Future Electric Cars: 10 Things to Expect in 5 Years

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Mini E

You might remember the attempt BMW made back in 2009 to build the first Mini E. They threw a battery pack into the back seat and produced a few hundred to try out. This test served a great purpose in showing the company how people expected to use their electric cars.

Now, BMW is at it again. The all-electric Mini will be making its way back into the lineup as one of the newest future electric cars. While there are a lot of vague details being circulated, we do have to wonder if the debut will coincide with the arrival of Samsung’s 125-Ah battery cells. These are also planning to hit the market in 2019 and they could offer a range of 200 miles or more on a single charge for the Mini Cooper.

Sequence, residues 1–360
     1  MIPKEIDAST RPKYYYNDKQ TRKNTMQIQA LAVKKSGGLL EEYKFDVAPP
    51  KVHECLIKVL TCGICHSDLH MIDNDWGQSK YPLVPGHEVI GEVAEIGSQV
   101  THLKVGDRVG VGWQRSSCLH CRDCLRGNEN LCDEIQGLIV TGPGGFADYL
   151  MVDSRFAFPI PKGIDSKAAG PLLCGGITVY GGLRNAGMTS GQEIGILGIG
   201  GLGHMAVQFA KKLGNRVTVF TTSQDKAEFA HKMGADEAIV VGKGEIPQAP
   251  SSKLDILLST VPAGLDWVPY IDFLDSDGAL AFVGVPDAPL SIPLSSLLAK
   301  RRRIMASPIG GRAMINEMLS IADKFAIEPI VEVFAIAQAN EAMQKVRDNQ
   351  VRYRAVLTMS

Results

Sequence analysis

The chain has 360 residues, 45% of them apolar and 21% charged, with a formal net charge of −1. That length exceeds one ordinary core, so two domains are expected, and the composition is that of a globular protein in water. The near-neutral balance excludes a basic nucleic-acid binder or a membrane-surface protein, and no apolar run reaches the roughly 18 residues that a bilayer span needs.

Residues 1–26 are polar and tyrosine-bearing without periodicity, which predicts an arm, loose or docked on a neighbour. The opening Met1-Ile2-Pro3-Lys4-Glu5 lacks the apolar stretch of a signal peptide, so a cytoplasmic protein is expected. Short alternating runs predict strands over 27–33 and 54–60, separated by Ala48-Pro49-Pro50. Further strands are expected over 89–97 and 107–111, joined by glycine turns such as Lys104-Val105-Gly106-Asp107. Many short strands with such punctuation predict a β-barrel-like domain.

Aside from the Mini E, you’ll also want to be on the lookout for a hybrid version of the Mini Countryman to show up as well.

Porsche Mission E

You’ll have to wait until 2019 to see this future electric vehicle, but it should be worth it. Just like the first Mission E, this 440 kW system delivers power to two synchronous electric motors. This propels the Mission E from 0 to 60 mph in a mere 3.5 seconds. After all, Porsche has to live up to its reputation of being a high-performing beast.

There is also some versatility with the Porsche Mission E. Its 800-volt charging system works through a charging dock, induction, or its unique home energy management system. In just 15 minutes, you can expect enough battery to travel 250 miles.

A quick look at what the Mission E has to offer shows you this brand is serious about competing in the electric market. It sits on top of 20-inch wheels, has a raised suspension that lifts it an additional 2 inches and features Dynamic Chassis Control, all-wheel-drive, and rear-axle steering.

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